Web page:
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Do you have a favorite that you would recommend?  Please share!


I'm a practical mom inspired by nature & I enjoy sharing ideas that encourage kids' innate curiosity & creativity. Interested in subscribing? Check out the blue box at the top of my sidebar. I'm also a wannabe author/illustrator & product designer by day. Let's connect! If you purchase through my Amazon links I get a small commission at no additional cost to you (thanks for supporting Doodles and Jots)! And remember to always credit your source here & elsewhere on the internet.


  1. These are great! I remember these.
    I got my husband into Downton Abbey. He said he would hate it, but he loves it more than I do I think. We gotta get a hold of Season 2. We can’t seem to catch it when its on TV. I think we may need to buy it before season 3 starts. That show is crack, I swear!
    Alma recently posted..Birth to NewMy Profile

    • You know, we started watching it but it was too noisy in my house so we stopped but I think I would really love it too!!!

  2. Jeramy and I watched a three part documentary on the rise and fall of he Medici a while back, and it was fun learning more about that together.

    Mostly we watch netflix, and lately it has been Farscape. (We are nerdy.)
    Another thing we do to reconnect is play 2-player board games together. I have actually been thinking of doing a post on that.
    Krista recently posted..Toddler Activity: Fine Motor Skill Practice With StrawsMy Profile

    • We went through a scrabble phase a while back – but he is so darn good at games – I never win!

      I don’t really watch a lot of Scifi but I really can get into anything. I used to watch Star Trek the Next Gen with my brother years ago.

    • Nice, I bet you have to get pretty close to watch the iPad together ; ) That is a funny show. White Collar I haven’t seen…

  3. What a great idea! I never would have thought of something like this. I just finished watching THE WINDS OF WAR, and am going to start it again this week with Dot (when she’s not doing teenagery things with her friends). I also recommend FROZEN PLANET and BLUE PLANET, from the Discovery Channel.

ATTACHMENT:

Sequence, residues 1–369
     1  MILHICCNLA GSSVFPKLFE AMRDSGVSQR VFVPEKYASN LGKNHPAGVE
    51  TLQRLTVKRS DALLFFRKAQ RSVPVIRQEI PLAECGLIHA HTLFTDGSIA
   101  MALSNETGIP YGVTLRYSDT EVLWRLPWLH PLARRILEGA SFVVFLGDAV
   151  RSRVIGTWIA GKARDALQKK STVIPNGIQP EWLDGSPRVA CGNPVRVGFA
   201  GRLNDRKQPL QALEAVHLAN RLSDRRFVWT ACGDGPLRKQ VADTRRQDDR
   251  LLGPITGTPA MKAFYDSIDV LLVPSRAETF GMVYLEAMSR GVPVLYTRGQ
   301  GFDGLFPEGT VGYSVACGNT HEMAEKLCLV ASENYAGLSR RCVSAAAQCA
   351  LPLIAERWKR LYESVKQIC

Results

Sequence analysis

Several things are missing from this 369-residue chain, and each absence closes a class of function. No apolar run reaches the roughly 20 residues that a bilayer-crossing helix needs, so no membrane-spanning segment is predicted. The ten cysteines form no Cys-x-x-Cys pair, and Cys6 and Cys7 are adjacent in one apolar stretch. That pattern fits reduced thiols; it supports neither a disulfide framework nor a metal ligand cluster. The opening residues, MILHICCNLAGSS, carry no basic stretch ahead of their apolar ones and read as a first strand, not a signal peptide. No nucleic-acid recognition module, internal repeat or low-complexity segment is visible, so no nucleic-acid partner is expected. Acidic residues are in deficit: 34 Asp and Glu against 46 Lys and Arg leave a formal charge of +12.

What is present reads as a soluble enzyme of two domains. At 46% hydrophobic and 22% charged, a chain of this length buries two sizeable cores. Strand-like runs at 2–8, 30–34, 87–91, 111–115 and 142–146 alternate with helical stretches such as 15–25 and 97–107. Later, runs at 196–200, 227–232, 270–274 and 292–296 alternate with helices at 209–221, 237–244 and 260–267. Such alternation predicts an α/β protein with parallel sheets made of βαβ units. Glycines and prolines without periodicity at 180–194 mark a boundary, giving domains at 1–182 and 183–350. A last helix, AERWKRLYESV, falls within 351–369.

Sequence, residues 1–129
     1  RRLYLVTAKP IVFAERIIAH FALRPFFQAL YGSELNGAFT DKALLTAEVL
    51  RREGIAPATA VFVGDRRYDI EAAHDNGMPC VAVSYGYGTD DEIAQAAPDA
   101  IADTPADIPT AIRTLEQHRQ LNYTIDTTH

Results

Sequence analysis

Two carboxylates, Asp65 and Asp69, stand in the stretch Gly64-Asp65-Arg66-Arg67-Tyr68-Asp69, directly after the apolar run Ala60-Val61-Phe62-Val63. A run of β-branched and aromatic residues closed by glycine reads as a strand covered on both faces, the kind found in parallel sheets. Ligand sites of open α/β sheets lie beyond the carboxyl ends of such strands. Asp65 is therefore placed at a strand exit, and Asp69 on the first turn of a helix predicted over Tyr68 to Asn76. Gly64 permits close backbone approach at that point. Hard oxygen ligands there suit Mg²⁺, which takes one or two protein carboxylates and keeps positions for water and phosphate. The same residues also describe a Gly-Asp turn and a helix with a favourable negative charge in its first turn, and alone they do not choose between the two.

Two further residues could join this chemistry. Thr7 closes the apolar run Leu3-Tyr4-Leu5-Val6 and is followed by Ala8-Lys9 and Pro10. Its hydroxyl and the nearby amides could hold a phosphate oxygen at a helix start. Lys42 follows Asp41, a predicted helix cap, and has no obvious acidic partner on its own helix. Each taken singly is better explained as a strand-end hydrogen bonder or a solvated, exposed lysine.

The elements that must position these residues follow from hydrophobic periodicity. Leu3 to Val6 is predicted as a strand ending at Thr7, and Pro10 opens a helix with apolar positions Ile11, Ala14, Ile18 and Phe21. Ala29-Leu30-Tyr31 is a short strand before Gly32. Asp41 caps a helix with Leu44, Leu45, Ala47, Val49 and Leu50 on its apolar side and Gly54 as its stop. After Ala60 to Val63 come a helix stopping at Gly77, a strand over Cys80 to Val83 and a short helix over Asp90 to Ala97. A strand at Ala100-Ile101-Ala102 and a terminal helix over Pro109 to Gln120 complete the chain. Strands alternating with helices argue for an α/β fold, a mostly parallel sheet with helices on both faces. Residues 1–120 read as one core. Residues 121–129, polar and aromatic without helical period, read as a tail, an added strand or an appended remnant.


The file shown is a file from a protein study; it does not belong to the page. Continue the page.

We really enjoy watching TV on DVD, too, or “stockpiling” our favorite comedies on the DVR. We have an over abundance of FRIENDS, FRASIER and CHEERS recorded, and we have mini-marathons each weekend then end up talking like the characters for a day or two. Sometimes on purpose, sometimes not.
    What regular shows would you recommend?
    Molly Jo recently posted..RECIPE: Chicken Stock & SoupMy Profile

    • Have to look into the Winds of War – I am interested in WWII. Love the nature doc’s too only I make the mistake of trying to watch with the kids and they start to drift off into the other room and I am like – how can you not love this?!

      Almost exclusively watch shows on the DVR now – can’t stand commercials plus it great with kids. Love the funny sit coms too!

      You want my show list… here it is… The Office, Parks and Recreation, Made Men, & Project Runway. Fell off of Grimm but like that one too. I occasionally watch SVU in reruns and I can’t seem to pass by Hoarders without watching. I used to love to catch Oprah (except her celeb ones) and usually watch Sunday Morning on CBS. Of all these I would recommend Sunday Morning the most inspiring show I watch.

      I think the next thing for us is Downton Abbey!

    • I think Downton Abbey is next for us – been wanting to watch it! I might need subtitles though!

  4. I love this list! My husband and I did the same thing when we had Netflix. We enjoyed Bleak House (BBC version) and House of Mirth (BBC). Both of those were my picks. I always wanted to see North and South. Hmm. I’m heading to the library tomorrow so I think I’ll see if they have it. :)
    Hippy Chick recently posted..A Few of My Favorite ThingsMy Profile

  5. We do the same thing, but with British mysteries. We get a chance to watch one episode every few months or so, but it’s a lot of fun when we do! I can recommend Jeeves & Wooster and Agatha Christie’s Poirot. I’ve bought The Last Detective, too, but at this rate it will be a long time before we remove the shrink wrap on it. :)
    Elisa | blissfulE recently posted..David and an Aussie Rules FootballMy Profile